Just a couple of quickies before the gates slam...
Ruth Parker wrote:
> K-5 program called Investigations in Number, Data and Space, is > currently used in districts like Palo Alto, San Mateo, Oak Park and > Las Virgenes as well as many other districts throughout the nation. > Students from these districts score well on state and national tests.
Palo Alto does indeed use the "Investigations" series in, but it is heavily supplemented with the previously adopted textbooks (Holt, Math Unlimited). Detailed cross-correlation were developed by the staff in recognition of the deficient content in Investigations.
> However, if we are using the wrong measures, and I believe that > California is with the SAT 9 and the STAR augmentation, then we should > not pretend that children will be well prepared for their future.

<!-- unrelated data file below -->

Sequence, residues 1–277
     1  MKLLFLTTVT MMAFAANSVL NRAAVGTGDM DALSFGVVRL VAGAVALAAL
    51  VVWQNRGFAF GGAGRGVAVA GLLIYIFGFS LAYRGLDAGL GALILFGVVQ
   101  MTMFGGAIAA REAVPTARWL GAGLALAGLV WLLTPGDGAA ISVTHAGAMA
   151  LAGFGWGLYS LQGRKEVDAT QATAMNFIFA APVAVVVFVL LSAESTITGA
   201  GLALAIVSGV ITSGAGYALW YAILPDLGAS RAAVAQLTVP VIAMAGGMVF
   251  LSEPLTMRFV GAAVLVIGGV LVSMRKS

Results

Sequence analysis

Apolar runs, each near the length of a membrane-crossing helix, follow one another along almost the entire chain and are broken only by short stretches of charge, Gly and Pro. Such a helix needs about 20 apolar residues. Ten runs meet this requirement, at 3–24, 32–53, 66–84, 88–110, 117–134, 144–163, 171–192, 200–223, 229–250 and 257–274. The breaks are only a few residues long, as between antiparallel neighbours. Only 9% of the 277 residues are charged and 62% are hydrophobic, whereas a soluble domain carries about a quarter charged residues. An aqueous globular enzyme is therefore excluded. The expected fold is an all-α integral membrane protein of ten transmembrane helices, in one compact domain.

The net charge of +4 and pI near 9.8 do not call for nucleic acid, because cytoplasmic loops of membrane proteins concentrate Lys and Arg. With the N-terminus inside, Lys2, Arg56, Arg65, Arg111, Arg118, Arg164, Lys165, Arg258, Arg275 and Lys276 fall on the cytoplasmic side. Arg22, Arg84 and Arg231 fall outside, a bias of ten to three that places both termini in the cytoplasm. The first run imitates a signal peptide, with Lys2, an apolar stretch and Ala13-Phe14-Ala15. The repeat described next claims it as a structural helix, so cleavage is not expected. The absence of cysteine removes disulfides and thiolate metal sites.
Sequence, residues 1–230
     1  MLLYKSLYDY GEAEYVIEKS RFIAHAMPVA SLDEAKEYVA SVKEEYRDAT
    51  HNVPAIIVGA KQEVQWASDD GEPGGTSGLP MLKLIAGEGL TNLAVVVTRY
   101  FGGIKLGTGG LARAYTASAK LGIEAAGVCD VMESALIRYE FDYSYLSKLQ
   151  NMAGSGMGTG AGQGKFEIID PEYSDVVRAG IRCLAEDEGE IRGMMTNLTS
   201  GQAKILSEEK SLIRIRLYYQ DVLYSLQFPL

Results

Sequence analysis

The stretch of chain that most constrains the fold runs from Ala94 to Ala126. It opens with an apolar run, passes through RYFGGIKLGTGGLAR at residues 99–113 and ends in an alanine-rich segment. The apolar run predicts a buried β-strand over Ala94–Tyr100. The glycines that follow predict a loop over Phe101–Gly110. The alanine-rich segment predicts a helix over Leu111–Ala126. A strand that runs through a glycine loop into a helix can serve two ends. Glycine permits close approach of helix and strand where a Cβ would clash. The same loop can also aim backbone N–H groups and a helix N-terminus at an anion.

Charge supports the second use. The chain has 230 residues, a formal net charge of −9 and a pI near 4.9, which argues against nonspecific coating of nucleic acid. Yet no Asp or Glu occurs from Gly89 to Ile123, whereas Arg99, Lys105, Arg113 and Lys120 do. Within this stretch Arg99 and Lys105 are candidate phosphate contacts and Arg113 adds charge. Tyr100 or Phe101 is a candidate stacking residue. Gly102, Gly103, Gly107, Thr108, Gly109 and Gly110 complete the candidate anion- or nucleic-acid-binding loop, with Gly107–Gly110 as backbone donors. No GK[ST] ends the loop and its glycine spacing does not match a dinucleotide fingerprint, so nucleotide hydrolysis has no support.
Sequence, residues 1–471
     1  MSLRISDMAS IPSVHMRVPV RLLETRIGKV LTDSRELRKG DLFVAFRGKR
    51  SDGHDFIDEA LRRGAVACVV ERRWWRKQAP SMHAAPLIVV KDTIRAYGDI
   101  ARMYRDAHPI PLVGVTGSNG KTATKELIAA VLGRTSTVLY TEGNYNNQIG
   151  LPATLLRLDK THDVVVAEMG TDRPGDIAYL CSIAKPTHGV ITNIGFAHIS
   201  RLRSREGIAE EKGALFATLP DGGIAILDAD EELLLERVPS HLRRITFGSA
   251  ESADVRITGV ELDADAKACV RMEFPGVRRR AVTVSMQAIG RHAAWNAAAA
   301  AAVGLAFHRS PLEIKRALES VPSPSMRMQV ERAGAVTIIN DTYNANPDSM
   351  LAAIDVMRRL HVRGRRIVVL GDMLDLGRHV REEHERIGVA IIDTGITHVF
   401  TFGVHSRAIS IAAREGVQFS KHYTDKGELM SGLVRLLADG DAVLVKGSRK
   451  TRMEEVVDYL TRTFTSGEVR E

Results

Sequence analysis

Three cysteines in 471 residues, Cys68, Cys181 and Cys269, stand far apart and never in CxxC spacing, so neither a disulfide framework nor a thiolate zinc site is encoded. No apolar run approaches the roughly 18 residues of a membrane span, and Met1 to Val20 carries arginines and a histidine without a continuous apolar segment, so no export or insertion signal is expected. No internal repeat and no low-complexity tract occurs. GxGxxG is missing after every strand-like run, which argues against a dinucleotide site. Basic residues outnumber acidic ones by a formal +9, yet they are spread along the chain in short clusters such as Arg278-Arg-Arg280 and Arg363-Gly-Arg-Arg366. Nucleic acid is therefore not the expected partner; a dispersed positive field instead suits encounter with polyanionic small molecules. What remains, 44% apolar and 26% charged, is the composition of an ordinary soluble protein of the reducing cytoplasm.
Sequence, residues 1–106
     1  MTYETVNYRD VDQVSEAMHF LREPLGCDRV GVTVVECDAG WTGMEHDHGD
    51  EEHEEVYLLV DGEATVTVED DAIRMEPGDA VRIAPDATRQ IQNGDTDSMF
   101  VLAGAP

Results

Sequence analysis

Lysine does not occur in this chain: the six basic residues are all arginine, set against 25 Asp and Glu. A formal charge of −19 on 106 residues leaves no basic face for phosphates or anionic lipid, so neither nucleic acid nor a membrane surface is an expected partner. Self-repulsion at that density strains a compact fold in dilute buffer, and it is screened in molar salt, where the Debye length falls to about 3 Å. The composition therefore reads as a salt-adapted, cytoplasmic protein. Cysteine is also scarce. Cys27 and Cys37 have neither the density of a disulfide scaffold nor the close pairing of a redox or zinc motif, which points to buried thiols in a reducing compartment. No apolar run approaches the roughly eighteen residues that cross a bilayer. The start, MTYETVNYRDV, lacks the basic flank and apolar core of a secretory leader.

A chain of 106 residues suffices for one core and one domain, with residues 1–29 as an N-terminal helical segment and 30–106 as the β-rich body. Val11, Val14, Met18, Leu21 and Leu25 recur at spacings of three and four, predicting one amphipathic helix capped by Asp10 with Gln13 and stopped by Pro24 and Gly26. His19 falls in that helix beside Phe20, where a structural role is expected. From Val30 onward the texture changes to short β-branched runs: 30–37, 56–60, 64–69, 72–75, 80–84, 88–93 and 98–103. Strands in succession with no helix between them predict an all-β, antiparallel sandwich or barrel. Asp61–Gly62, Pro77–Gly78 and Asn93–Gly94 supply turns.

So are the "state and national tests" that districts using "Investigations" get good scores on, indicative of the quality of "Investigations", as they do not prepare children for their future? Just curious :-)
> The standards fairly well ensure that education in California will > continue to be "a mile wide and an inch deep" - a state of affairs > decried in reports of the Third International Math and Science Study > (TIMSS).
I expect that many readers are already aware that the "mile wide and an inch deep" slogan, while catchy and initially heavily promoted by TIMSS in the US, turned out to be unsupported by a more detailed evidence from TIMSS. I believe it is rarely used anymore by TIMSS staff.